Features And Limitations


Odin's serialization is currently supported on all platforms, save the Universal Windows Platform in non-IL2CPP builds. Note that when using Odin's serialization on IL2CPP or Mono AOT platforms, you have to follow a special AOT procedure to make Odin's serialization work right in builds.

By default, Odin's serialization system will serialize any public field, or any private field marked with SerializeField, that Unity would not serialize. As such, you generally don't need to think much about it; it'll fill in the gaps where necessary. However, if you do need to make sure a specific member is always serialized by Odin, you can mark any field or auto-property with the Odin-specific OdinSerialize attribute to ensure that.

Odin supports serializing a wide range of types, from dictionaries to delegates. In fact, Odin will, by default, attempt to serialize pretty much anything you hand it. In most cases, this will work fine, and in some cases it won't. For the cases where it won't, it is possible to manually extend the serialization so it does.

The serialization system supports a range of data formats, and also lets you create your own. By default, Odin comes with three formats: binary, json, and nodes.

Binary

The binary format is to be used when performance is required; it is optimized for speed and for keeping garbage allocations at a minimum. By default, it will be used in play mode, and in builds.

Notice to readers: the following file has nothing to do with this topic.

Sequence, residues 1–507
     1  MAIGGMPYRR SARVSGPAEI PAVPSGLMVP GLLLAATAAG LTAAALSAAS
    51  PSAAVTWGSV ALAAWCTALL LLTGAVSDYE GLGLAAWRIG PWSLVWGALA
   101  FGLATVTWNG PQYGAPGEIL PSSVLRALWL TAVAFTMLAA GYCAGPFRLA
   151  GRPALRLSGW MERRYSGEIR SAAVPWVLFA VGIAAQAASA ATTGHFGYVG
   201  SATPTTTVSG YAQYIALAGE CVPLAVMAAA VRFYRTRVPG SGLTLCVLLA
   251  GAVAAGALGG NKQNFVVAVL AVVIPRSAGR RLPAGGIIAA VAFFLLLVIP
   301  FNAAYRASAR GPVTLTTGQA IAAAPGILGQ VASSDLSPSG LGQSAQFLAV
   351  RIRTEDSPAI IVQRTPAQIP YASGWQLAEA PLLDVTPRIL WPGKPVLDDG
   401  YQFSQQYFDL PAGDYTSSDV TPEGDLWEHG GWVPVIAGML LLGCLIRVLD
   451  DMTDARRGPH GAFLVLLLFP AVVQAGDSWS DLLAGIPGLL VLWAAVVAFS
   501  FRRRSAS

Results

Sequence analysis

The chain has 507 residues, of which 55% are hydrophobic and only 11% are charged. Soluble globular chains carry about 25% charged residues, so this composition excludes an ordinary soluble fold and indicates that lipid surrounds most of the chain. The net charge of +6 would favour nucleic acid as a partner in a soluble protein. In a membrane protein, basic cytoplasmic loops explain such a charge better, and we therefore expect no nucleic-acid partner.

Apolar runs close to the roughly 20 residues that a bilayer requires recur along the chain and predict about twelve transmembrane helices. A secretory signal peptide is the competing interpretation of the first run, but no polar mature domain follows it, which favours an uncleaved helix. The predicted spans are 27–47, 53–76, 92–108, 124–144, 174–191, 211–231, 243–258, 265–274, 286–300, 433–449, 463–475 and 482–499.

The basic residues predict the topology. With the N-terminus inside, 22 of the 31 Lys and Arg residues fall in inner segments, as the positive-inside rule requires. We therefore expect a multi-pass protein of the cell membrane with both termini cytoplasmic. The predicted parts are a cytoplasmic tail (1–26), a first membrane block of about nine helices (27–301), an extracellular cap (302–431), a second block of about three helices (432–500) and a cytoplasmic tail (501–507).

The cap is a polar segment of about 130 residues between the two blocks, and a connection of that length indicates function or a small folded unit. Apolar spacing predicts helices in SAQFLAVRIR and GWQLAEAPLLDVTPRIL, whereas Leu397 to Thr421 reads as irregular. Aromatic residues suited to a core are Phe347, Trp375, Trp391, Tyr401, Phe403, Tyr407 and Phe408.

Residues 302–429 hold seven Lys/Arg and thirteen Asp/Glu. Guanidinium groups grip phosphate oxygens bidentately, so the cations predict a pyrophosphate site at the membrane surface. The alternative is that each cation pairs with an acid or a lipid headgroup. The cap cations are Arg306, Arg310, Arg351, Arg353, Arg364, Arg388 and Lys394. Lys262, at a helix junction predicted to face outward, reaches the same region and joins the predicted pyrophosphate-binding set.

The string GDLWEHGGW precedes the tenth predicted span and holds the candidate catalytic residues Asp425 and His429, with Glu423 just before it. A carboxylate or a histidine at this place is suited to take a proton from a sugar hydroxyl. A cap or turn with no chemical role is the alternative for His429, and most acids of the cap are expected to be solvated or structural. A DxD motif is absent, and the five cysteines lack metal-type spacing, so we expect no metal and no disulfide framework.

Json

The json format is never used by default, but is supported for the cases where you want to do manual serialization of something and you want the serialized data to be human-readable. It is important to note that the json format does not have optimal performance, and allocates a lot of unnecessary garbage in the current version of Odin. Longer term, some performance improvements are in order. For now, only use the json format where it is necessary.


Nodes

This format is the default in the editor, while not in play mode. It is a special format that doesn't serialize to a stream of bytes, but instead to a list of nodes that Unity then serializes - it is meant to be used in conjunction with the Unity editor's text asset serialization. When used with Unity's text format, the node data will be formatted in the file such that it is mergeable in source control, making this format advisable for use in projects with multiple collaborators. The node format is generally fairly performant in most cases, but is not as fast as the binary format, and is by default only allowed to be used in the editor.